So, let's talk about something I've been thinking about. Not to give too many details, but this summer I'm working with a program that helps youth with disabilities attain internships, and learn to advocate for themselves in the workplace. I'm a job coach--meaning I'm the one who goes to work with them in the beginning of the program and helps them figure out what adaptations they need to do their best work at the job. Job coaches also help the program supervisor with materials for the mandatory weekly workshops the interns have to attend. Most of what we're doing is that until Boston Public Schools get out next week.
Yesterday, we were working on the module on disclosure--telling employers/colleagues/friends about one's disability. This is a difficult thing for me, not because I'm hesitant to disclose. In fact, the opposite. I can't think of a time when I didn't readily admit to being disabled, in life or online. In a book I was reading today (one of Lennard J. Davis's tomes on disability studies) he mentions that people with disabilities do not have to identify as disabled online, but it never occurred to me not to. The effect my disability has on my life has always seemed too steady and influential to deny it. I've never been aware of stigmatization, either. For instance, I've always had to sit in the front row thanks to my low vision, but I never felt I was treated differently because of it.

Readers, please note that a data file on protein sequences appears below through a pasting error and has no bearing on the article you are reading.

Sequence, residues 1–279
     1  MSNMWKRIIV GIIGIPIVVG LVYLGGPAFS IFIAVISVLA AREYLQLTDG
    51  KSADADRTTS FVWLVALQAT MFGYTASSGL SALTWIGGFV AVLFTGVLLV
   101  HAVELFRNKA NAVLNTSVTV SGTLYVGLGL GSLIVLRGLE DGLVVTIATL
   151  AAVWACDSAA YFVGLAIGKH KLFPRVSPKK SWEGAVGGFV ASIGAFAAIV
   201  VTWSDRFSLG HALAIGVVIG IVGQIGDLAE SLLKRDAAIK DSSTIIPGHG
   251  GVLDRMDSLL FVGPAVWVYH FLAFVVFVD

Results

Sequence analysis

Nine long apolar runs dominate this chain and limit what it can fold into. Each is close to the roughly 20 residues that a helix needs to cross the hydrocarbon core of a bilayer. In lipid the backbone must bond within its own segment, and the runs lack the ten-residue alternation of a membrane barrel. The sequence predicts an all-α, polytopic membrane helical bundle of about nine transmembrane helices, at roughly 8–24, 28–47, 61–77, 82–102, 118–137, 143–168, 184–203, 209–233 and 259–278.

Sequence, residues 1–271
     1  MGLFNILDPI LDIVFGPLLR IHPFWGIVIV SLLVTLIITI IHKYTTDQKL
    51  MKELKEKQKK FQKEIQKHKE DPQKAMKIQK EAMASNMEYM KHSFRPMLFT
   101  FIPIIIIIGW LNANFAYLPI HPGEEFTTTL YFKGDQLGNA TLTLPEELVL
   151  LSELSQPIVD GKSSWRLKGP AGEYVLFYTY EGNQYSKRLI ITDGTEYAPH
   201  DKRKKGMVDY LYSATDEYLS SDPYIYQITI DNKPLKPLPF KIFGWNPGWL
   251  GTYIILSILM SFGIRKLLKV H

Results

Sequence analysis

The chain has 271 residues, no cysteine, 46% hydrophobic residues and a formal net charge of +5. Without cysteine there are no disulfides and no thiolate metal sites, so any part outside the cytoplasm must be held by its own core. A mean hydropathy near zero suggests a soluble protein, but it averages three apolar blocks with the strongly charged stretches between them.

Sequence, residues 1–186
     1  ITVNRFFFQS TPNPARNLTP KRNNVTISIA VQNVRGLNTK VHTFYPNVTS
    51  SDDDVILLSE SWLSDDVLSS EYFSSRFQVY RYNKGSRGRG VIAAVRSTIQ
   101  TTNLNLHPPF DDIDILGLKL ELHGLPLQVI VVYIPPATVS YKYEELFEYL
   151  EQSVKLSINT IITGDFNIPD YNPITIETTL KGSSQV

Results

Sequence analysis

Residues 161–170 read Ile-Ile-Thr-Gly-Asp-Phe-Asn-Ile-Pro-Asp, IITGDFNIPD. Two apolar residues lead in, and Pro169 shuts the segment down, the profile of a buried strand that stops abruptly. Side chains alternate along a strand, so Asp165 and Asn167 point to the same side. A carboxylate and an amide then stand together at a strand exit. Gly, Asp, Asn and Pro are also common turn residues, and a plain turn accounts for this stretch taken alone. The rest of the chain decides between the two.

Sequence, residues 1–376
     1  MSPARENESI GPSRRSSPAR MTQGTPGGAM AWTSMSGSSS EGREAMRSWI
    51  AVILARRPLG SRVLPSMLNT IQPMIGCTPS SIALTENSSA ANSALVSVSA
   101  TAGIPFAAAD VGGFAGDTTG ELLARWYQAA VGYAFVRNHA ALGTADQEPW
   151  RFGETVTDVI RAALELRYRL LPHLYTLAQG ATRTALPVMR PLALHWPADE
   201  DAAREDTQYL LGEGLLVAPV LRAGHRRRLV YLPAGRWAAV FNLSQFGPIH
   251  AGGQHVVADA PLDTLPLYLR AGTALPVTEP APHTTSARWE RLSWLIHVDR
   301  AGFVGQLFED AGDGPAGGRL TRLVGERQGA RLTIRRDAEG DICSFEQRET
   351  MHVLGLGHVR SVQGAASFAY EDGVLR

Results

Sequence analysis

But then, I'm the type of student who would have been in the front row anyway. Would things have been different if I'd have preferred to be in the back, and known that admitting to my visual impairment would mean being told to sit up front? There have been times during my secondary education when I've chosen to compensate in order to sit with my friends. (Often these days I won't be able to see no matter where I sit, thanks to classroom configuration, so I ask a friend to tell me what's written, or trust that the professor will repeat what they've copied onto the powerpoint).
Also, I've never, ever had a chance at "passing" (denying disability), so I don't quite understand doing it. All the literature we've read on disclosure for work implies that the reader will err on the side of hiding disability. In my opinion, that kind of attitude leads to shame and self-sabotaging attempts at compensation.
And maybe I need to think harder about that the next time I think I can deduce what's on the board.